Nanoparticle biosensor for noninvasive glucose sensing
Fueled by the worldwide rise in obesity, diabetes is becoming a global public health crisis with nearly one in 10 people afflicted with the disease, according to World Health Organization statistics.1 Currently, patients use finger-stick blood glucose sensors typically 4 to 6 times a day to strictly monitor their blood glucose levels (BGLs) in order to regulate their dosage of insulin or diabetes medication. This monitoring method is quite arduous to the diabetic patient, requiring hand washing, a finger prick with a lancet, and blood application to a test strip area. This is often times painful, publicly embarrassing, and costly to the patient.
The result is that many diabetic patients neglect blood glucose monitoring, despite serious complications that arise with prolonged elevated blood glucose levels. Thus, alternative methods to painful finger-prick glucose measurements are needed, such as monitoring BGLs via saliva or tear fluid. Measuring glucose in bodily secretions other than blood is challenging because glucose concentrations are often orders of magnitude lower than those found in blood, and the correlation between BGLs and glucose levels in other fluids (such as saliva) can vary according to the time they are monitored.2
Nanotechnology is opening the door to non-invasive glucose monitoring by increasing both the sensitivity and sensing range of electrochemical-based glucose monitors, the type of biosensor patients currently use to measure BGLs. Nanostructured biosensors can work on the same basis as conventional finger-prick-based biosensors, that is, an enzyme like glucose oxidase immobilized on an electrode breaks down glucose within the sample fluid to produce an electroactive species such as hydrogen peroxide that subsequently oxidizes on the electrode surface and generates electrons. These electrons are monitored on a digital readout and are correlated to glucose concentration. Such electrochemical biosensors have not been able to monitor glucose concentrations levels both in blood and saliva or tear fluid.
Our approach to improve nanostructured biosensor performance first used carbon nanotubes (CNTs) or porous anodic alumina for subsequent metallic nanoparticle and enzyme immobilization.3–7 In these projects we were able to show how carbon nanotubes that were grown vertically from a silicon chip could be used as a highly conductive support for a wide range of nanoparticles, including palladium nanocubes,3 gold-coated palladium nanocubes3 and platinum nanospheres (see Figure 1, left).3,5,6 In terms of electrochemical glucose sensing, biosensors enhanced with horizontal CNTs peppered with platinum nanoparticles were more sensitive than their palladium and gold nanoparticle counterparts. Furthermore, the spacing of the nanoparticles on the CNTs significantly impacted the biosensor performance as glucose diffusion is blocked when nanoparticles are too closely packed.5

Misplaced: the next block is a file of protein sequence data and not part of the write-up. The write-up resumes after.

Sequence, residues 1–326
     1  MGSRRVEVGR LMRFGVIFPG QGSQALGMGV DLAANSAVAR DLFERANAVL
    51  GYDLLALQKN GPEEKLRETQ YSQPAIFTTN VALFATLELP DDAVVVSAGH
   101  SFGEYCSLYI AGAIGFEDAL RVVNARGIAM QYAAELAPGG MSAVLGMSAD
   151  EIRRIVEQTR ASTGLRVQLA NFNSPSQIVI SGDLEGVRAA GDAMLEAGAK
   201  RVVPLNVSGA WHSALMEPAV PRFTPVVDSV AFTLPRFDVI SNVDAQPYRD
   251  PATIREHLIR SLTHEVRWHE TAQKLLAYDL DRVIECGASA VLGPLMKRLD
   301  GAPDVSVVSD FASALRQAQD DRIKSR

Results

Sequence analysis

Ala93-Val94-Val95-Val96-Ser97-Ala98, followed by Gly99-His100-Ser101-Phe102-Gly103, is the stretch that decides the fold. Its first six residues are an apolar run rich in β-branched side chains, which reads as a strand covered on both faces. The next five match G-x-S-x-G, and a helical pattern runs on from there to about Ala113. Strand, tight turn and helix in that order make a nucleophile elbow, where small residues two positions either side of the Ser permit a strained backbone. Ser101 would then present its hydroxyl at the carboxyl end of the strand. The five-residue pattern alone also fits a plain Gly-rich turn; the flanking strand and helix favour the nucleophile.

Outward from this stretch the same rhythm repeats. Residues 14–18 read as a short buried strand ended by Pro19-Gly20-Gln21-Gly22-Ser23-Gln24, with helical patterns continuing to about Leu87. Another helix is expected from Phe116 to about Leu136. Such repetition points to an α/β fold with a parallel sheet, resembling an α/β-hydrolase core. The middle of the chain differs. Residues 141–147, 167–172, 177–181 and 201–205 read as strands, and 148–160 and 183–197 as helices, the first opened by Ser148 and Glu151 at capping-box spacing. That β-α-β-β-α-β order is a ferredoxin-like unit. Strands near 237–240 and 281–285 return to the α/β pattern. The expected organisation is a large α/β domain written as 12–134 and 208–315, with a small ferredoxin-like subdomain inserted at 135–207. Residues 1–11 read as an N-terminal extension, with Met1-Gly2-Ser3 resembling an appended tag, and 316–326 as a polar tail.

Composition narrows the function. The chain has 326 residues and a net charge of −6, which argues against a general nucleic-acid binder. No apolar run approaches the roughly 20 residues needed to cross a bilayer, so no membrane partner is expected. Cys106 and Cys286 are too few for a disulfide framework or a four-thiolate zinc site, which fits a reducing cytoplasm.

To prevent diffusion restrictions from neighboring nanoparticles and to increase the overall number of platinum nanoparticles on the biosensor surface, we grew a 3D architecture of multi-layered graphene petals on a silicon chip to improve the biosensor performance (see Figure 1, right). By incorporating layers of graphene peppered with nanosized platinum particles into the biosensor design, we showed that glucose detection in concentrations typically found in saliva, tears, blood, and urine can be monitored on the same biosensor chip, a feat we believe has not been demonstrated before.8
The concomitance of high surface area and catalytic properties of the 3D graphene/platinum nanoparticle hybrid structure enhances the glucose sensitivity and sensing range above and beyond that of conventional and nanostructured electrochemical biosensors, allowing for glucose sampling in bodily fluids other than blood. Moving forward, we aim to take this technology into clinical trials with actual biological samples so that glucose concentrations found in fluids such as saliva or tears can be properly assessed and compared to glucose found in blood samples. Such technology could provide the breakthrough needed to monitor BGLs through saliva or tears and eliminate the need for the painful finger prick.
Jonathan Claussen received his MS in mechanical engineering and PhD in biological engineering from Purdue University in 2008 and 2011, respectively. He is currently working as a research assistant professor via George Mason University at the U.S. Naval Research Laboratory.